Public transit options are key to Nashville's, and Middle Tennessee's, continued economic prosperity because public transit plays a predominant role in the economic development and competitiveness of metropolitan areas.
As cited in this week's New York Times article,
use of public transit rose throughout the country in 2011. In Middle Tennessee, ridership on Nashville Metropolitan Transit Authority
's (MTA) buses has increased 16 percent this fiscal year, and ridership on the Regional Transportation Authority's
(RTA) regional buses has experienced a 77 percent increase. In addition, the Music City Star commuter rail service saw a 26 percent jump in ridership during the same period.
As energy prices continue to rise, regional mass transit solutions will be even more essential for the growth of Nashville and Middle Tennessee. The Chamber, and our regional partners, feel strongly that we can, and must, do more to increase mass transit options as part of our overall economic development strategy.
Transit can help maintain our region’s economic vitality by connecting workers to jobs throughout the region. Many people travel across county lines to work every day, including the approximately 150,000 workers who commute into our urban core. Improved transit would also relieve traffic congestion, which would increase business productivity by reducing employee tardiness and absenteeism. In addition, efficient public transportation limits air pollution and increases individuals’ choice and mobility.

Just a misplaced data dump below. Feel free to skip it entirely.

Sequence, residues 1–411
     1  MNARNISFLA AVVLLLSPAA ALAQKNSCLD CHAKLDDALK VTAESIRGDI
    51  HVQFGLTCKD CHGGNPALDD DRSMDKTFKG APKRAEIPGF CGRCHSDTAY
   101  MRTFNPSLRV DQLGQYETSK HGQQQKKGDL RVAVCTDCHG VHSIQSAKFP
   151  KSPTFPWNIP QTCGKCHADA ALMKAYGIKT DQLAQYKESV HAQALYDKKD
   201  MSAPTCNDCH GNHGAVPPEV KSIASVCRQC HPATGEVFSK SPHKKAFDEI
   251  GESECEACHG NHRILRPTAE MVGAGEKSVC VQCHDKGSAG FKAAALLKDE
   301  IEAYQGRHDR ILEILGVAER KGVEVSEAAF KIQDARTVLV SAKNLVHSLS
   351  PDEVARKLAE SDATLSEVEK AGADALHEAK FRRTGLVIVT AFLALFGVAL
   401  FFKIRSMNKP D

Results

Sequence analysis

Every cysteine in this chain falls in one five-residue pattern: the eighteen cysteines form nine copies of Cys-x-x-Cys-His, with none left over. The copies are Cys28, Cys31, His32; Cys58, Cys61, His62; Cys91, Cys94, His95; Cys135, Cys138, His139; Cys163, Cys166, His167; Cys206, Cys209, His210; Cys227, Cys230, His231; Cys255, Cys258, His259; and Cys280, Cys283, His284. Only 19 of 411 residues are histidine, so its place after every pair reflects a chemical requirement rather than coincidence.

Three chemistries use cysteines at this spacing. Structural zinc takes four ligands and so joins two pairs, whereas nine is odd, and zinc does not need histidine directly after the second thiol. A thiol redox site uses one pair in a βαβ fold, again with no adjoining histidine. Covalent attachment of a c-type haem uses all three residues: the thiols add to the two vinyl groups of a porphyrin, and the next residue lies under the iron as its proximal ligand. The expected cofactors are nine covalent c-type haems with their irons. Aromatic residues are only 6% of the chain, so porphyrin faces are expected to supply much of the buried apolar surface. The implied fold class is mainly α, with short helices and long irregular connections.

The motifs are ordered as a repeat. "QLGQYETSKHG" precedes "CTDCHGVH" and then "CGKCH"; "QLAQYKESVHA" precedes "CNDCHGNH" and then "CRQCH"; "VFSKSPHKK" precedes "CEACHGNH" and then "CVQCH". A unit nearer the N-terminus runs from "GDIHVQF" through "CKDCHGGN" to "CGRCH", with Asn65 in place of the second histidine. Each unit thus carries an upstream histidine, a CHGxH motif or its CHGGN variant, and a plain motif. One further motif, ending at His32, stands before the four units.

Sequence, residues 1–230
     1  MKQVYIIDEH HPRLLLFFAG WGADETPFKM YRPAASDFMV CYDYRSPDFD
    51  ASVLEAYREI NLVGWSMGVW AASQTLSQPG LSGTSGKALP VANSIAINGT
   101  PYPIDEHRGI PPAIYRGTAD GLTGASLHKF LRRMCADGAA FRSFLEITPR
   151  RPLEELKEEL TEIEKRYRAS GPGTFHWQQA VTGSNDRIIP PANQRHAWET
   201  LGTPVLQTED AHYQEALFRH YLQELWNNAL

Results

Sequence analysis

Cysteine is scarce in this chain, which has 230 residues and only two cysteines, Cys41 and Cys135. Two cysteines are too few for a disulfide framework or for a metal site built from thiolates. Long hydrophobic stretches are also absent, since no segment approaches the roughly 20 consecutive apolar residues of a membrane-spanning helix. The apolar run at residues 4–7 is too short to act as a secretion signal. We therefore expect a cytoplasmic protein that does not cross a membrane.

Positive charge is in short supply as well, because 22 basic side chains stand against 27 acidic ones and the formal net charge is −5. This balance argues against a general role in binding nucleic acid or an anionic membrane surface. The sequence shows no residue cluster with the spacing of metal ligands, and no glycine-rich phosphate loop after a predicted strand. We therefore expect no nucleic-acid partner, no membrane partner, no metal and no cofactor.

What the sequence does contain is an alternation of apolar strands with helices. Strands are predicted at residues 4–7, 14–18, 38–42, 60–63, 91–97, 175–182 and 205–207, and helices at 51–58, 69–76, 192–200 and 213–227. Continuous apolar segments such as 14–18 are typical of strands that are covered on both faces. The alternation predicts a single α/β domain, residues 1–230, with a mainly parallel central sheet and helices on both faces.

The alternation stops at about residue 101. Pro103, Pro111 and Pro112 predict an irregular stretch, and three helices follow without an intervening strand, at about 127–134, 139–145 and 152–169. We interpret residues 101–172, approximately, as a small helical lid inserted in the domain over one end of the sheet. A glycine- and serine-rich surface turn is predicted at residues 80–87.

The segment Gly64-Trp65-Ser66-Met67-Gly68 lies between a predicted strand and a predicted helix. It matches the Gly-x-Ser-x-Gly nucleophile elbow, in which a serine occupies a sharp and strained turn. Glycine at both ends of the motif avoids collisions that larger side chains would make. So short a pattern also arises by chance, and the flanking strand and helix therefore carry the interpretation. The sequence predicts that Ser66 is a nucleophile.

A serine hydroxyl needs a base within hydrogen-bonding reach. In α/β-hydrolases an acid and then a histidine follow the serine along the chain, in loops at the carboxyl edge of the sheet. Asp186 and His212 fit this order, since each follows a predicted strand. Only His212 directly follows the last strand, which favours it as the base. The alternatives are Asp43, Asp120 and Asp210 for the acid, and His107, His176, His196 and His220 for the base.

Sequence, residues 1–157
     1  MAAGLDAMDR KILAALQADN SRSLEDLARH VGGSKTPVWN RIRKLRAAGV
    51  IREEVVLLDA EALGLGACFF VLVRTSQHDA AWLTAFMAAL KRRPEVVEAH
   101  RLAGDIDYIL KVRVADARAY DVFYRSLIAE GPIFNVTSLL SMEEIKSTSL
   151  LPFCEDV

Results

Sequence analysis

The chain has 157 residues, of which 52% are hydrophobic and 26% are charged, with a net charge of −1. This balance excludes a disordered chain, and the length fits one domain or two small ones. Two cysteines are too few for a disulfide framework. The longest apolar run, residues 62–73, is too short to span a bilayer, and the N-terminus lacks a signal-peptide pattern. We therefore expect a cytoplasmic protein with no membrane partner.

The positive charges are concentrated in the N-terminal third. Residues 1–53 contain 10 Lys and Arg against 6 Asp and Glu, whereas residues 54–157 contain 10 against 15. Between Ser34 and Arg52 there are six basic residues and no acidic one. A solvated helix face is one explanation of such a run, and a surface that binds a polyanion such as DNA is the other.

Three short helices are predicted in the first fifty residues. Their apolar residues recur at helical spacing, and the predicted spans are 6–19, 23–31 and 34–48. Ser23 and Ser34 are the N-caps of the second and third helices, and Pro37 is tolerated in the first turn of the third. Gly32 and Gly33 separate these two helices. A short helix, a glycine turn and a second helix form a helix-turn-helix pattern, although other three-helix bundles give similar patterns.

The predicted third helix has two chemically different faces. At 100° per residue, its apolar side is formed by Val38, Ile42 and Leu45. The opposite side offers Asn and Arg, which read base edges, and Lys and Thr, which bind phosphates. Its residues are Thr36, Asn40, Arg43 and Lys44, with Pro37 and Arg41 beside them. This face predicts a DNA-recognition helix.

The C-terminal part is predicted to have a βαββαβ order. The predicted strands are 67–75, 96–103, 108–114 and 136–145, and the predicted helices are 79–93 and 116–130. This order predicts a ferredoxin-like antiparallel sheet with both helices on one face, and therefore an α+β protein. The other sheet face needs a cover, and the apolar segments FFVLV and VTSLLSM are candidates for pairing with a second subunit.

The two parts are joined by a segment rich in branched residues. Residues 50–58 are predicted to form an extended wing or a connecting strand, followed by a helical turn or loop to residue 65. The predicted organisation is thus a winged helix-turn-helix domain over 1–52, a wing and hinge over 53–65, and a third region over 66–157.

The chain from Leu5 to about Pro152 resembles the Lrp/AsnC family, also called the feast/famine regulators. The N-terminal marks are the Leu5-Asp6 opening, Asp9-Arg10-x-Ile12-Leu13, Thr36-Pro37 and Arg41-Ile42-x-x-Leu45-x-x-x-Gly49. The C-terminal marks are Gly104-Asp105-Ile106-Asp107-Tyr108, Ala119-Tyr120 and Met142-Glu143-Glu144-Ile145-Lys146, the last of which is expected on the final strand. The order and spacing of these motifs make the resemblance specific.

Fortunately, organizations such as MTA, RTA, Transit Alliance of Middle Tennessee
and Nashville Metropolitan Planning Organization
(MPO) are addressing the issues around improving mass transit. The Transit Alliance provides a conduit for the private sector to get involved in this discussion, and the Nashville MPO led the process of developing the 2035 Regional Transportation Plan, which encourages cooperation and coordinated decision making among Middle Tennessee counties and municipalities.
The Chamber also supports Nashville Mayor Karl Dean’s and the MTA’s announcement to move forward with the East-West Connector,
which proposes to connect Five Points in East Nashville to the intersection of White Bridge Road and Harding Road in West Nashville via bus rapid transit.
To learn more about the Chamber's priorities for mass transit in Middle Tennessee, and share your opinions with elected officials, visit the Business Voice
section of our website.